Barbara Feldon on the Beatles, how to be happy alone, and turning down her now-iconic Agent 99 role

In this episode of "Everything Fab Four," the actress/author opens up about playing an "evolved" woman in the '60s

Published April 22, 2023 10:59AM (EDT)

Barbara Feldon (Photo courtesy of the Barbara Feldon collection)
Barbara Feldon (Photo courtesy of the Barbara Feldon collection)

Emmy-nominated actress, model and author Barbara Feldon joined host Kenneth Womack to talk about the "freedom and fun" of the 1960s, being a contemporary of the Beatles and her new memoir "Getting Smarter" on "Everything Fab Four," a podcast co-produced by me and Womack (a music scholar who also writes about pop music for Salon) and distributed by Salon.

Feldon, best known for portraying the striking, sophisticated superspy Agent 99 on Mel Brooks and Buck Henry's classic sitcom "Get Smart," started out as a showgirl and model in New York City before moving on to acting. In fact, she and her husband at the time, the charming Lucien Feldon-Verdeaux (whose shocking story she details in her memoir, which is available on her website), were living in a fifth floor apartment off Park Avenue when the Beatles arrived to play "The Ed Sullivan Show" (on which Feldon herself had previously performed as a dancer) in February of 1964. "We heard this roar coming up from the street," she explains to Womack. "And looking down over the parapet, we saw this mob of young women." When she asked what they were screaming about, someone yelled up, "It's the Beatles!"

At first, she was "totally skeptical" and expected them to be "so silly," but she tuned in to watch "The Ed Sullivan Show" and says, "I got it instantly. I was absolutely charmed by their light, the optimism of it, that spirit that they had." Feldon further saw the colorful '60s culture unfolding when she went to London for some TV work that year ("it wasn't negative, it wasn't angry – it was life.") Not long after, she got called for the role of Agent 99 and left New York for Hollywood – a move that would forever change her career and her marriage.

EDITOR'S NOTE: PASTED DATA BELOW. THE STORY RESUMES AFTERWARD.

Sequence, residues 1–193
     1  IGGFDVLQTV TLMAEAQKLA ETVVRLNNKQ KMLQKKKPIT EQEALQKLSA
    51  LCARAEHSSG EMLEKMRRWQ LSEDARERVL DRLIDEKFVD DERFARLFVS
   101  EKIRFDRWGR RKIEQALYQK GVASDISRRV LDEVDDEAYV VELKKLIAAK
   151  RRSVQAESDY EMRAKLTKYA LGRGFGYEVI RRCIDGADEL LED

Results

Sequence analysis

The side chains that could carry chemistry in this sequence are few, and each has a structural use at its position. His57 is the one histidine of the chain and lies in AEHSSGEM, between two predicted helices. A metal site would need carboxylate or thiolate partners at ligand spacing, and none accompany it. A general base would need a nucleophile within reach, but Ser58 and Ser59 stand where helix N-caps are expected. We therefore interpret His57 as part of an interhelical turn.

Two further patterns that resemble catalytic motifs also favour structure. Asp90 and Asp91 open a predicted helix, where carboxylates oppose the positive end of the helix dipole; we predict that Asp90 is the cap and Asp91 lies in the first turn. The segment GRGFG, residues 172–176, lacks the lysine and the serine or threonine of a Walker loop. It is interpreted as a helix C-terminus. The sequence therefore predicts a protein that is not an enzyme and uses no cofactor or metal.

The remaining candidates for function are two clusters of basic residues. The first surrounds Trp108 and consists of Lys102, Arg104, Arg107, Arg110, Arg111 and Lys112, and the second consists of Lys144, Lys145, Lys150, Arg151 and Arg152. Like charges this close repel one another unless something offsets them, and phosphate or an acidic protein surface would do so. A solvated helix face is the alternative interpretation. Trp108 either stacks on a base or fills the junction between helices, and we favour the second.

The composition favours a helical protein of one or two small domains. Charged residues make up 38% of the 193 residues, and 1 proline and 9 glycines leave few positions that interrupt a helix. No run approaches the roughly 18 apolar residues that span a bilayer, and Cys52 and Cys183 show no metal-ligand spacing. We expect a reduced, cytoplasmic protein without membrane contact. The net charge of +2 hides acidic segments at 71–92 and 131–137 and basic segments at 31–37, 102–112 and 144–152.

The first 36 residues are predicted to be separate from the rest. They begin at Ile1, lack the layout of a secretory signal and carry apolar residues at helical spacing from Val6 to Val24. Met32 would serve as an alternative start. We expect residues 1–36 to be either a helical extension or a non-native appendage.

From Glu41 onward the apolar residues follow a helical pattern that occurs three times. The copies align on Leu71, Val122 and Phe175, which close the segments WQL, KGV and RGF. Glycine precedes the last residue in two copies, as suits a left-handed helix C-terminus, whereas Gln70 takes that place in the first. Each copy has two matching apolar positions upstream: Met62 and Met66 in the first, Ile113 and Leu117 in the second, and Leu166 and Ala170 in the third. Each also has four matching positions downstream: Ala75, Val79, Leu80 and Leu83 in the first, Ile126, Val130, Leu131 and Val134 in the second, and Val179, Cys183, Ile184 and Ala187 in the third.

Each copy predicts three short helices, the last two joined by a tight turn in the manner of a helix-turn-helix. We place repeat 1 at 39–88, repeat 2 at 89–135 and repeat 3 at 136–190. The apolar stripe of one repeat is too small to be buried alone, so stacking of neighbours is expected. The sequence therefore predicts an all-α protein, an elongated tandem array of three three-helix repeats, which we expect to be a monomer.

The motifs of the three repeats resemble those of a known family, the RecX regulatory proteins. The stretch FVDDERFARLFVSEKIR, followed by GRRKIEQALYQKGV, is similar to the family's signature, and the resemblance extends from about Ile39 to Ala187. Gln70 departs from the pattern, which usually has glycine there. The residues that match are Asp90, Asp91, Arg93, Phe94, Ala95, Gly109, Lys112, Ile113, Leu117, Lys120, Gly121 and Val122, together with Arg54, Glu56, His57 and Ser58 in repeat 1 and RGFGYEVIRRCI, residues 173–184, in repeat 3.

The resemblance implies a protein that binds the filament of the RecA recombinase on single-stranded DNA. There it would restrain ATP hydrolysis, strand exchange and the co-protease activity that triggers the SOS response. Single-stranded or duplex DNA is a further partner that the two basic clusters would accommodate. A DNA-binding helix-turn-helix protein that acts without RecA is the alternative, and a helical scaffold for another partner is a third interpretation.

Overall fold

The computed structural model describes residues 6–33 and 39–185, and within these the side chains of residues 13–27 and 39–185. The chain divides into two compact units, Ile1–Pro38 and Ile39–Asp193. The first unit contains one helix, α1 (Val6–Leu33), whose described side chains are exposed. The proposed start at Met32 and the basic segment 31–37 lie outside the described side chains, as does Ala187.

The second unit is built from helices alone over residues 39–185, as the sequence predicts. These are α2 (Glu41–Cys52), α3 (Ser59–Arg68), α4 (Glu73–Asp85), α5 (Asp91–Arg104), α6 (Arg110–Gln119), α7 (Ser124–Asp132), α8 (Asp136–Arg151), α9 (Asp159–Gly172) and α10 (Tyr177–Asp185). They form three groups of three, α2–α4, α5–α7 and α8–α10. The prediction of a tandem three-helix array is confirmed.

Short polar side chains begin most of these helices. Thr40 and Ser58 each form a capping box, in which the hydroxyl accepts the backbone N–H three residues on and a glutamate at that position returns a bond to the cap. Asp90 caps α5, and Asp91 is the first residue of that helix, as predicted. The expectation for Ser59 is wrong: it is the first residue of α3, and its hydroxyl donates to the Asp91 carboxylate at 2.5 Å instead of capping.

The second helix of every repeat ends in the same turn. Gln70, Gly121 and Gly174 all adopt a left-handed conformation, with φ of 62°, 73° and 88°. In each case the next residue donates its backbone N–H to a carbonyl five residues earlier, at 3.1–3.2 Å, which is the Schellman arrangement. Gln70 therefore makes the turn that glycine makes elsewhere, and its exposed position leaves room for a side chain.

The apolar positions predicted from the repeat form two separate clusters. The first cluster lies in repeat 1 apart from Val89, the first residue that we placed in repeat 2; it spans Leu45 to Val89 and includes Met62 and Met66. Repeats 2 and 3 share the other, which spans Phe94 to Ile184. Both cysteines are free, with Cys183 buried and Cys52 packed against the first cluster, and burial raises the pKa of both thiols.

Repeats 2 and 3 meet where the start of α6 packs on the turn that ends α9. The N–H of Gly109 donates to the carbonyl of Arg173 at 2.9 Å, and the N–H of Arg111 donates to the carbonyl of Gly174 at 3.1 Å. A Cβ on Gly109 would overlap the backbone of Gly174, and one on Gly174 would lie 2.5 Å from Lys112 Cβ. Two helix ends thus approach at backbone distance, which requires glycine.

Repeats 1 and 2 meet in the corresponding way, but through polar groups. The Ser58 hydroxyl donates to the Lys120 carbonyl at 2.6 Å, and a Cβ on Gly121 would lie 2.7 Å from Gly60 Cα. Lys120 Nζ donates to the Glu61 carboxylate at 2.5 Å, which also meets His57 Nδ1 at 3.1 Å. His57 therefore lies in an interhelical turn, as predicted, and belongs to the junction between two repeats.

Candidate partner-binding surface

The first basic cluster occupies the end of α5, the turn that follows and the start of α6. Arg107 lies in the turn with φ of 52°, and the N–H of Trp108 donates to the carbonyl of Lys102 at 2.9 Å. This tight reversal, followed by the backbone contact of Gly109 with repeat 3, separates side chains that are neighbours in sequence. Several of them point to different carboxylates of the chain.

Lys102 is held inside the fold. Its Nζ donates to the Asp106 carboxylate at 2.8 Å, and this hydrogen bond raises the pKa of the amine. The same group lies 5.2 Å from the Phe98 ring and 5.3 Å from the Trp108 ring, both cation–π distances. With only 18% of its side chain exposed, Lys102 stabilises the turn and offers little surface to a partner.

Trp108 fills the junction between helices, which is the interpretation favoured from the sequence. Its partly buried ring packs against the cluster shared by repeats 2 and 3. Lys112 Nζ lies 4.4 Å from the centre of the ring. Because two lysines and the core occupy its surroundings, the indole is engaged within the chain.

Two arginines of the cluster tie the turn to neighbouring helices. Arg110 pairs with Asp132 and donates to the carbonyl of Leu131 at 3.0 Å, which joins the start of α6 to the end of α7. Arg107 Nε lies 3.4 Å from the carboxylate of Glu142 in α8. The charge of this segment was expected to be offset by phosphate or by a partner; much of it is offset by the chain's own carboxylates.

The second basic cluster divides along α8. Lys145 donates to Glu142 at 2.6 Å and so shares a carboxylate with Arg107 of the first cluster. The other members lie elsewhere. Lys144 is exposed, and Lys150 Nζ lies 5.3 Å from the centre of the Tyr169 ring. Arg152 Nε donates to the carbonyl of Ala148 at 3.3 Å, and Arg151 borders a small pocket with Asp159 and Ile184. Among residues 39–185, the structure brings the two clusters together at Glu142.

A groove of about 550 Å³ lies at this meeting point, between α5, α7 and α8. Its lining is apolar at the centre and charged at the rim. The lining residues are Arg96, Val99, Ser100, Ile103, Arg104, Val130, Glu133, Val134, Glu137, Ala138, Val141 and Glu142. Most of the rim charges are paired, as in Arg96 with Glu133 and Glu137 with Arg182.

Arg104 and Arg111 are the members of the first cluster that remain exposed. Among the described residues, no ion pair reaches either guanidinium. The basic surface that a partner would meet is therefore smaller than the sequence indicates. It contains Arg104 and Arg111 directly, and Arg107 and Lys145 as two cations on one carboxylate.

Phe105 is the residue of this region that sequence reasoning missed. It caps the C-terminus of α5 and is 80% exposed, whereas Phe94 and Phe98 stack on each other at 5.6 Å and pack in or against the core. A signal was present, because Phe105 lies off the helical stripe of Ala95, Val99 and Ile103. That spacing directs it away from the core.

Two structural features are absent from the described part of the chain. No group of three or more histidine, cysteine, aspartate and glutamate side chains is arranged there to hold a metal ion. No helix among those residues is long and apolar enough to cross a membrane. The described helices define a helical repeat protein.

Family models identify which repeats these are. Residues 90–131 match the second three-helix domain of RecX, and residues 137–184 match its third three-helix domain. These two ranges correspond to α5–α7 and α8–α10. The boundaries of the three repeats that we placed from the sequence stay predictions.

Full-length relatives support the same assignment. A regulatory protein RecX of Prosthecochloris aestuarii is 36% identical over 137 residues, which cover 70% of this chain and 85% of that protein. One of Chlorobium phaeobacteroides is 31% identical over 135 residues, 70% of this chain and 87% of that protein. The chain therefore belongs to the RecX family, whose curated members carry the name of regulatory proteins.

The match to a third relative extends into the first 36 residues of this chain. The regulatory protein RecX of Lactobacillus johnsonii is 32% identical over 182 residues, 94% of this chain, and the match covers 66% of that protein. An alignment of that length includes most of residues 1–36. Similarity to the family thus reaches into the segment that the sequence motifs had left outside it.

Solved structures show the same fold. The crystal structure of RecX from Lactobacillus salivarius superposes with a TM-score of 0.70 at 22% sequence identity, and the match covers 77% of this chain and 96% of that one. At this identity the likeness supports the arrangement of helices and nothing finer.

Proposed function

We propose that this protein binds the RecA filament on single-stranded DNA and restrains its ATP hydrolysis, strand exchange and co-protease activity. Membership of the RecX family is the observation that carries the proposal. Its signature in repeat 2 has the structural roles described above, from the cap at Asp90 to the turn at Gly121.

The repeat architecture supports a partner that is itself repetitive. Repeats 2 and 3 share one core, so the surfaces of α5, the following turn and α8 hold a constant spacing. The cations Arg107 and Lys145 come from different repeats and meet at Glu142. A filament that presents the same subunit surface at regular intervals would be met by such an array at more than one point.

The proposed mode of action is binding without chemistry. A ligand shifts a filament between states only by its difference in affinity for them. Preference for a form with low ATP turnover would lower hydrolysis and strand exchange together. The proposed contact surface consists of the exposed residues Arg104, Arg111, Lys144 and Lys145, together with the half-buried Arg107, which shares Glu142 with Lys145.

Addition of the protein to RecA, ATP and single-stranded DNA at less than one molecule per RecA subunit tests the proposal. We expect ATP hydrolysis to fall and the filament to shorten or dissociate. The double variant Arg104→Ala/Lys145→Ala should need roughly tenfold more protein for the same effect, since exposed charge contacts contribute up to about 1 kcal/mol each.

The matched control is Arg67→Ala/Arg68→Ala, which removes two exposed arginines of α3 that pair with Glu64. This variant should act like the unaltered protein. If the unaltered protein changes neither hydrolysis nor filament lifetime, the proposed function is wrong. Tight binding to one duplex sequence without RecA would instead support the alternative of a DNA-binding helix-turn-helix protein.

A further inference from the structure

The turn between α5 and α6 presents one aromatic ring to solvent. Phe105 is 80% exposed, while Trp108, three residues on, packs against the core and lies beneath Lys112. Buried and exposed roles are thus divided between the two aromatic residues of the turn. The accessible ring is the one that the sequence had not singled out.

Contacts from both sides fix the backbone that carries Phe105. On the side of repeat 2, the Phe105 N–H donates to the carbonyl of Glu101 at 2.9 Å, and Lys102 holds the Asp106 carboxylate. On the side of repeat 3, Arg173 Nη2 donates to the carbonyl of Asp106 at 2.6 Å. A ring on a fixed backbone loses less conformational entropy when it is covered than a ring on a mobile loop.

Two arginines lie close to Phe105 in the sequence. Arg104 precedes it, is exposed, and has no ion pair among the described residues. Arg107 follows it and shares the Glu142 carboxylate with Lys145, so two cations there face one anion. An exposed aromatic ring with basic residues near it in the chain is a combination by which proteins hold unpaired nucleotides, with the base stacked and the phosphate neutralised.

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Working opposite comedian Don Adams in "Get Smart," with whom Feldon says she immediately had "incredible chemistry" on camera, and playing a female role so evolved (created by the "clever and brilliant" Brooks and Henry) which "projected feminism, independence and intelligence" helped give her the confidence she needed to stand on her own. After several years, a divorce, another failed relationship and therapy, she returned to New York City (where she had a very "sweet" brush with a former Beatle) and wrote her first book, "Living Alone and Loving It: A Guide to Relishing the Solo Life" (2003).

"I grew to live alone and was happier than I'd ever been in my life," she says to Womack. "And I started writing essays about it, which turned into the book. The thing is, we're not alone. That's such a false premise. Valuable human connections are everywhere. For instance, people who are obsessed with the Beatles – it informs their lives because they go deeply into it. They know other people who are into it. When you have that, you never get bored because you're always connected. You can build a life on your own where every day truly is engaging."

Listen to the entire conversation with Barbara Feldon on "Everything Fab Four" and subscribe via Spotify, Apple Podcasts, Google, or wherever you're listening.

"Everything Fab Four" is distributed by Salon. Host Kenneth Womack is the author of a two-volume biography on Beatles producer George Martin and the bestselling books "Solid State: The Story of Abbey Road and the End of the Beatles" and "John Lennon, 1980: The Last Days in the Life." His latest project is the authorized biography and archives of Beatles road manager Mal Evans, due out in November 2023.

By Nicole Michael

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Agent 99 Barbara Feldon Everything Fab Four Interview Podcast The Beatles